(Graham, 5). Freud didn’t really care about the classifications of different mental illnesses, because he believed that the human mind was so complex, and that everyone else’s mind was so different in the way that unconscious forces impacted…

    • 788 Words
    • 4 Pages
    Improved Essays
  • Improved Essays

    Is God An Illusion Essay

    • 825 Words
    • 4 Pages

    Do No Harm Freud has made valuable contributions to the field of psychology; however, much of what Freud has said about complexes and stages have been called into question because they lack empirical support. Furthermore, Freud’s theories tend to have a fairly sexist bias. The idea that people seek a “father figure” is yet another example of Freud’s bias. The idea that God is an illusion and that religion is a neurosis is less based on empirical evidence than it is on personal perspectives and biases. It is therefore ironic that Freud attempts to debunk God on the basis of science yet so thoroughly comes short of using the scientific method.…

    • 825 Words
    • 4 Pages
    Improved Essays
  • Superior Essays

    This topic has empirical support for the bad uses and the negatives of restrictive procedures but lacks giving alternatives or looking at the effectiveness of restrictive procedures. Empirical support of the effectiveness of the procedures is vital for psychologists who are using procedures that have no empirical support. A psychologist using these procedures is working unethically and breaking the code of conduct. Empirical knowledge that supports these restrictive procedure treatments can be used as guidelines for other psychologist but since the field lacks this aspect psychologist should not use restrictive procedures (Sturmey, 2009). This is important because psychology is a science field and every treatment, medication, or procedure needs to have empirical support by many sources to make sure it will help benefit the…

    • 1320 Words
    • 6 Pages
    Superior Essays
  • Improved Essays

    William Glasser rejected the Freudian Model because he did not agree with Freud’s principles. As we know that Glasser’s reality therapy focuses on choice and how we deal with our behaviors. A difference between reality therapy and psychoanalytic…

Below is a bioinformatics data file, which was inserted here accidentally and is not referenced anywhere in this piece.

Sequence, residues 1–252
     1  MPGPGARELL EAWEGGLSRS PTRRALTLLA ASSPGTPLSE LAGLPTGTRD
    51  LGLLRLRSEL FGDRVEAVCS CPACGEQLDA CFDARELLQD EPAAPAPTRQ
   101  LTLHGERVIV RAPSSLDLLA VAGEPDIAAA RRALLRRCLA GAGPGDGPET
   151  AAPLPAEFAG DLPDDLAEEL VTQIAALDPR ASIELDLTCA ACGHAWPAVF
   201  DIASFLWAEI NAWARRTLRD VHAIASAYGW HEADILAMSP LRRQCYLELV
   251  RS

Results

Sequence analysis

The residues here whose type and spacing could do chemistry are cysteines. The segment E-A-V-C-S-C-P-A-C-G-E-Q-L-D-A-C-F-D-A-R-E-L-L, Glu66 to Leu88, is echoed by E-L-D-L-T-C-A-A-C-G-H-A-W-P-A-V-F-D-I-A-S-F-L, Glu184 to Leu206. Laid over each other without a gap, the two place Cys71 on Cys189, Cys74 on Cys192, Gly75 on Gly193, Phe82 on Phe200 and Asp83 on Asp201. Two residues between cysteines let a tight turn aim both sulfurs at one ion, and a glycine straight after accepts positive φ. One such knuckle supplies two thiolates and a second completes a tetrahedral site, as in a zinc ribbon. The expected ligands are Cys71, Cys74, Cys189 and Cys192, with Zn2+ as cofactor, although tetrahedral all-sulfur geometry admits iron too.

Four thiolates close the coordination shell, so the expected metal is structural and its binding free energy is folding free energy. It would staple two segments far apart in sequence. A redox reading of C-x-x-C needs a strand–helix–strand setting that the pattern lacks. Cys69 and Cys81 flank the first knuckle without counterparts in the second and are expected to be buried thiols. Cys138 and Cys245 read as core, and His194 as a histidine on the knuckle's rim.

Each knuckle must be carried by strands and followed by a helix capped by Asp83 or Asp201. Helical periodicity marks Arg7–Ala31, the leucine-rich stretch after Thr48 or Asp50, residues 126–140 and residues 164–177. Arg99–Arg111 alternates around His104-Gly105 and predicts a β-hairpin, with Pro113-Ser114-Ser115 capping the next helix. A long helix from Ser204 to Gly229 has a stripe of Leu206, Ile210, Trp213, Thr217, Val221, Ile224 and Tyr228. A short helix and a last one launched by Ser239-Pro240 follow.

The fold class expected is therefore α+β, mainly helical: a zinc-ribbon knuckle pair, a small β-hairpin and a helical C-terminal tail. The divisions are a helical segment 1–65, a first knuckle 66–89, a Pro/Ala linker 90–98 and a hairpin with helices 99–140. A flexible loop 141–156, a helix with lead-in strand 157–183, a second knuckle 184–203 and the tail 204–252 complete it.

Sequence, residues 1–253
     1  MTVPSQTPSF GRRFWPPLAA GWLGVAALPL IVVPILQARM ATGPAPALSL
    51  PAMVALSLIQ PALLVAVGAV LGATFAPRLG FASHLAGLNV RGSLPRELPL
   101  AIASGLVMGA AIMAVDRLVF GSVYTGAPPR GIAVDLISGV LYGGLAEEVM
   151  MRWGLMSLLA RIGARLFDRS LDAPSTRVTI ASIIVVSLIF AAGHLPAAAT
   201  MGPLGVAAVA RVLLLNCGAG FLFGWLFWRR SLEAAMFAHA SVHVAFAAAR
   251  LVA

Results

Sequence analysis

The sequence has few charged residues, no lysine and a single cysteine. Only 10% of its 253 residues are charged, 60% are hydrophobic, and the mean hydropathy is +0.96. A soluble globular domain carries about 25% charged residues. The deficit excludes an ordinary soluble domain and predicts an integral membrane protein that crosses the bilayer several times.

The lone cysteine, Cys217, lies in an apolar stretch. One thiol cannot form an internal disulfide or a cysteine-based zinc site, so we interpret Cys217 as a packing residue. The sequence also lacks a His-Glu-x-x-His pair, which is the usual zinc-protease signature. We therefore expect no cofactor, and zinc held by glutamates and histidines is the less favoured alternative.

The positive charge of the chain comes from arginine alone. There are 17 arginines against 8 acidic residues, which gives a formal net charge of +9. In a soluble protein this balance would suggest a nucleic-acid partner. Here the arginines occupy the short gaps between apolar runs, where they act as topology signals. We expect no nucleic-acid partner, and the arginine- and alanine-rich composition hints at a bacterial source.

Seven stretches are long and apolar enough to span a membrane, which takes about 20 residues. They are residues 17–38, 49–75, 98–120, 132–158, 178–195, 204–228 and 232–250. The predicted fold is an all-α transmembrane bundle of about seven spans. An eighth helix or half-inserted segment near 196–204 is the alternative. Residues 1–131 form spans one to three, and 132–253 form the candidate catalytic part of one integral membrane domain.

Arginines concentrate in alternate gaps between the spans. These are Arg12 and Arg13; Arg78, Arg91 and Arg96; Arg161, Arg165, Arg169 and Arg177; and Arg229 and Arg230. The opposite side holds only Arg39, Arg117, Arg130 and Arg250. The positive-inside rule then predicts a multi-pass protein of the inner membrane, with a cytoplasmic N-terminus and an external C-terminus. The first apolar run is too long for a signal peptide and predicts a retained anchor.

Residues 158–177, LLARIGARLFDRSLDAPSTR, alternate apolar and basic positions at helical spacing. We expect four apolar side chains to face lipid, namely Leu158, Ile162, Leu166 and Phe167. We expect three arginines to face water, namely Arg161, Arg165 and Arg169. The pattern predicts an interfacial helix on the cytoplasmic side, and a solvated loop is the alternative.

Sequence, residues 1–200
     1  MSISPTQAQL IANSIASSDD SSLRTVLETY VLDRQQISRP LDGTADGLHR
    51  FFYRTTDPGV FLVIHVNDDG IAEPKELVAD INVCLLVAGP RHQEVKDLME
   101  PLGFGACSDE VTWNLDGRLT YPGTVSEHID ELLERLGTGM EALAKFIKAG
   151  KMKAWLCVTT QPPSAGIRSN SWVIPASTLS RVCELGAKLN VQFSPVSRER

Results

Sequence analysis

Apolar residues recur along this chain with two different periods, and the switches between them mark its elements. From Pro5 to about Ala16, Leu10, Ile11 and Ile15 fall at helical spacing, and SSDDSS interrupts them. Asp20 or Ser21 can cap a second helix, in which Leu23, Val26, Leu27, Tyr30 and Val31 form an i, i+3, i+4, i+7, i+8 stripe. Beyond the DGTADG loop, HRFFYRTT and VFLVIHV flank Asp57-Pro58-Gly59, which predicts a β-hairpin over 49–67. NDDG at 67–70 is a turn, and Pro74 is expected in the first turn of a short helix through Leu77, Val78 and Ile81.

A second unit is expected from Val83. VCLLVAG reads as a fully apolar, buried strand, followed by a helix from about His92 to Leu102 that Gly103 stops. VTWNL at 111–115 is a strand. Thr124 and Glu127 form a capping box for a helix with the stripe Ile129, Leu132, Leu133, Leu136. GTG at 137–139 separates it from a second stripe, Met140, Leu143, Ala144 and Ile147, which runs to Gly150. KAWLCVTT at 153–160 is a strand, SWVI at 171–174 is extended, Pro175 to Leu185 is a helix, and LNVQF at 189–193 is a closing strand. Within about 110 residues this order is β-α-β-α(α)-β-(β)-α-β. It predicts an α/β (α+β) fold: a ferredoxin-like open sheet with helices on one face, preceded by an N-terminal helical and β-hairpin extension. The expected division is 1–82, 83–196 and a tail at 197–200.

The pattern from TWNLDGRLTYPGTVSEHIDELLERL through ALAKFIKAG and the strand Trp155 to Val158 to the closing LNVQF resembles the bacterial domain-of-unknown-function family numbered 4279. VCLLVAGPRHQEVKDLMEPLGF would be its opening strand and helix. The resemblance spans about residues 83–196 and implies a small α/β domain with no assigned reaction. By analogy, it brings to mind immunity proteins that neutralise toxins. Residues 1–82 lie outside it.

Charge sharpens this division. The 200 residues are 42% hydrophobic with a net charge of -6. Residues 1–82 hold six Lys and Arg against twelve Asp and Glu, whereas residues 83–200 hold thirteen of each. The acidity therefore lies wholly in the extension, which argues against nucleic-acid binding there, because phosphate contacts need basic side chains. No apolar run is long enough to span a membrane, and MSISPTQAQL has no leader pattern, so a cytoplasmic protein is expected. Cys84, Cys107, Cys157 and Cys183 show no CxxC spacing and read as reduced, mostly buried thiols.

• 1198 Words
    • 5 Pages
    Improved Essays
  • Improved Essays

    It is hard to determine causality of CVD from AS use simply because they have not studied enough users. Statements like the one above are what has caused disagreements among athletes and medical professionals. World record squat holder and weightlifting coach, Brandon Smitley, chooses not to partake in AAS use even though AAS use is widespread in his sport (Smitley). He also agrees the scientific community has over-exaggerated the side effects of anabolic usage. Due to the limited studies, Angell then discusses how the recent information linking CVD to AS use is “largely contradictory and inconclusive” (130).…

    • 1727 Words
    • 7 Pages
    Improved Essays
  • Superior Essays

    Jung found controversy with Freud’s focus on sexuality as a key motivating behavioral force in obsession-compulsion disorder (Frey-Rohn, 1974). Jung also disagreed with Freud’s concept of the unconscious mind, stating it to be too limited and overly negative (Alamo,…

    • 1773 Words
    • 8 Pages
    Superior Essays
  • Improved Essays

    Ergot In Hysteria

    • 1560 Words
    • 7 Pages

    In some cases, it was too hard for most to understand that it was not witchcraft because most Puritans, believed that if an event could not be explained it was the work of the devil. There were some who believed witchcraft was not the reason and in Science and Justice by Sanford J. Fox, he analyzes many of the events from a logical point of view. Fox, finds documentation and states, “Dr. Meric Casaubon’s cautions in this regard is especially significant because it is directed partly at what was then a poorly understood area of mental disorders (“melancholy”) where ignorance-and hence a diagnosis of witchcraft-was highly likely” (65).…

    • 1560 Words
    • 7 Pages
    Improved Essays

Related Topics